A New Fitness Rx?
By Elisa Zied, MS, RD, CDN
A recent report by the Centers for Disease Control and Prevention (CDC) found that about 1 in 4 of us don’t spend any of our free time walking, gardening, or doing any real physical activity. Given all the known benefits of exercise—it strengthen’s our bones and muscles, reduces stress and depression, and can even help us manage our weight—why do so many of us fall off (or fail to even get on) the fitness bandwagon?
Lack of time or motivation, and having too many family and work demands are some common excuses many of us use for not being more active. Unfortunately, if we don’t make fitness a priority or put it on our to do list, we may very well pay a big price. According to the CDC, physical inactivity is a leading cause of preventable death, and accounts for 1 in 10 deaths—just like obesity and overweight—in the U.S.
If, despite your best efforts, you haven’t yet committed to exercise as a way of life, a new initiative called The Weekly Fitness Challenge (WFC) may inspire you to once and for all turn intent into action.
Phase one of the WFC began in 2009 when a single tweet led to a social media blitz that inspired fitness, health, medical, and nutrition expert volunteers to support the initiative. But the seeds of the WFC, an initiative designed to educate, motivate, and lead inactive people to get active, were first planted 16 years ago by fitness expert Geoff Hampton. When his young, vibrant first wife and the mother of his two daughters was diagnosed with an aggressive form of breast cancer, Hampton began an 8-1/2 year journey to save his wife. As they explored various options, Hampton was troubled by the countless cases of horrific illnesses and health conditions he encountered. Many of the people he came across were inactive, overweight, or both, and he knew that in a lot of cases, poor eating habits and inactivity—things that were modifiable—were to blame. Although Hampton couldn’t help save his wife, he embarked on a mission to help inactive people—especially those who tried and failed before—to take charge of their lives and make positive, permanent lifestyle changes. After creating and implementing several community health initiatives, first in New Jersey, and then in San Diego, he created the WFC.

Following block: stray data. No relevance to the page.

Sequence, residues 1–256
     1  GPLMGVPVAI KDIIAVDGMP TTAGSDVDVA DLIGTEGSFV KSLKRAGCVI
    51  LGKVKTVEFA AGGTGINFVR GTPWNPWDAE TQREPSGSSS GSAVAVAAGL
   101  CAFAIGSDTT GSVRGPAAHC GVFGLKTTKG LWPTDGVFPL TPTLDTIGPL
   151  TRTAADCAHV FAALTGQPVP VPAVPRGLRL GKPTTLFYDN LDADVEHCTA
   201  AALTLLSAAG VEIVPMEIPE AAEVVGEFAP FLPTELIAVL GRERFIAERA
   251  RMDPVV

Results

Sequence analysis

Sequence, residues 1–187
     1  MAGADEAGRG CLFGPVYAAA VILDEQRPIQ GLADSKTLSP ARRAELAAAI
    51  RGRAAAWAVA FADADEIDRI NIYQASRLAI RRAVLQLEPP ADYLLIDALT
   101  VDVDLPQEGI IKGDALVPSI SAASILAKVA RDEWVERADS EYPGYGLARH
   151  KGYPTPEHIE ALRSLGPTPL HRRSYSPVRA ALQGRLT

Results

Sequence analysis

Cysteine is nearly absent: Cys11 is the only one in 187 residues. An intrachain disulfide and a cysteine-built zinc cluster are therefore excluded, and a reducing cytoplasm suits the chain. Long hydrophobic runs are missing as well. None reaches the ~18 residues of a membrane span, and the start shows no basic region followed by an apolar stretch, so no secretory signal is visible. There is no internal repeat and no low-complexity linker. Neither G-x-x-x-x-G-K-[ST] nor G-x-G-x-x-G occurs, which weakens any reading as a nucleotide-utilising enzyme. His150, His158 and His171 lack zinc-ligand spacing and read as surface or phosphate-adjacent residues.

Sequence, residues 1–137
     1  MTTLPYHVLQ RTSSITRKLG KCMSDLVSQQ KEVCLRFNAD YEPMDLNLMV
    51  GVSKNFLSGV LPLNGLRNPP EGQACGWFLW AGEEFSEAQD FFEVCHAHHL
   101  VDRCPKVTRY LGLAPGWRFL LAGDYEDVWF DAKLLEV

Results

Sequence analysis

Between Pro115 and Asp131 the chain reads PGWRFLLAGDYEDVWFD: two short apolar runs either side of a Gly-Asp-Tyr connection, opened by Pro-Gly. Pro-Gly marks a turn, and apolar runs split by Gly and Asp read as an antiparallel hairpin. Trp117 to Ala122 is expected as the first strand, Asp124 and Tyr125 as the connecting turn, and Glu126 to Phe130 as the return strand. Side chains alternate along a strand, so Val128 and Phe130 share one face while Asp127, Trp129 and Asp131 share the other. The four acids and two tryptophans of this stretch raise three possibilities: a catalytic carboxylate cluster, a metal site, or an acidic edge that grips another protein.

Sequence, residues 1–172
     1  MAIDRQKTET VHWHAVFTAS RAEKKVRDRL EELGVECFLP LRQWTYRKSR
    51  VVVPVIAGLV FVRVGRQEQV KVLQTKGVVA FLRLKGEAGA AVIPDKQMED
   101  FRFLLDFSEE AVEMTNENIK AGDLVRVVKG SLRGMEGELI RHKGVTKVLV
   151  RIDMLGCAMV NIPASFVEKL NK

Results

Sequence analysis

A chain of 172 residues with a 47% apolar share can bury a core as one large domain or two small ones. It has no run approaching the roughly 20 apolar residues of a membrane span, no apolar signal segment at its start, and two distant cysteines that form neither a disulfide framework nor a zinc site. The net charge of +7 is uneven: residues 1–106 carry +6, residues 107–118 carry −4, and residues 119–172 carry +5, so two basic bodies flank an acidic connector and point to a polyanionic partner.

Today marks the phase 2 kick off of the WFC. This community outreach component includes a 3 day event in Knoxville, Tennessee called “The Gift of Health." Hampton, Lori Shemek, PhD, founder of DLS HEALTHWORKS, LLC, and other leaders of the WFC will speak about exercise, nutrition, and lifestyle modification in an effort to educate, motivate, and inspire people to take better care of themselves and encourage others to do the same.
Although the campaign is still in its infancy, and as an awareness of all the components of the campaign grow domestically and internationally, weekly targeted learning applications will be added to community programs to help participants learn about and implement healthful lifestyle behaviors one week at a time.
If you’re inspired to make fitness a part of your life and to reap the many benefits an active lifestyle provides, here are some tips from Nancy Clark, MS, RD, author of Nancy Clark’s Sports Nutrition Guidebook, and Larysa Didio, celebrity trainer and fitness author, to help you get started:
* Choose an activity/exercise that has purpose and meaning. “Instead of hopping on another exercycle to nowhere, why not ride your bike to work (or at least part of the way), walk to the store to get the newspaper, or start a daily or weekly walking group with friends,” says Clark.
* Start slow and build gradually. Didio says “Most new workout programs get ditched because people get a little too enthusiastic initially, and then burn out quickly. Instead of going gung-ho, why not start with a 20 minute workout 3 times a week and build from there.”
* Fuel yourself BEFORE you exercise. Clark says “One woman who said she hated to exercise began to enjoy it when she made sure to have a healthy 200 to 300 calorie pre-exercise snack. Looking back, she realized she had been exercising while dieting—no wonder she felt hungry and lacked energy!”
* Stay accountable. “Every Sunday, write down your goals for the week and post them in a place where you know you’ll see them every morning,” says Didio. “That not only makes you accountable, at least to yourself, but serves as a daily reminder to get moving.”
What helps you stay motivated to exercise?
Elisa Zied, MS, RD, CDN, is a nationally recognized registered dietitian and award-winning author of "Nutrition At Your Fingertips," "Feed Your Family Right!," and "So What Can I Eat?!." She is also a past national media spokesperson for the American Dietetic Association. For more information, go to www.elisazied.com. Sign up for free weekly ZIED GUIDE™ newsletter for nutrition tips and news you can use (go to right side of home page at elisazied.com). Follow Elisa on Twitter/elisazied and on Facebook.
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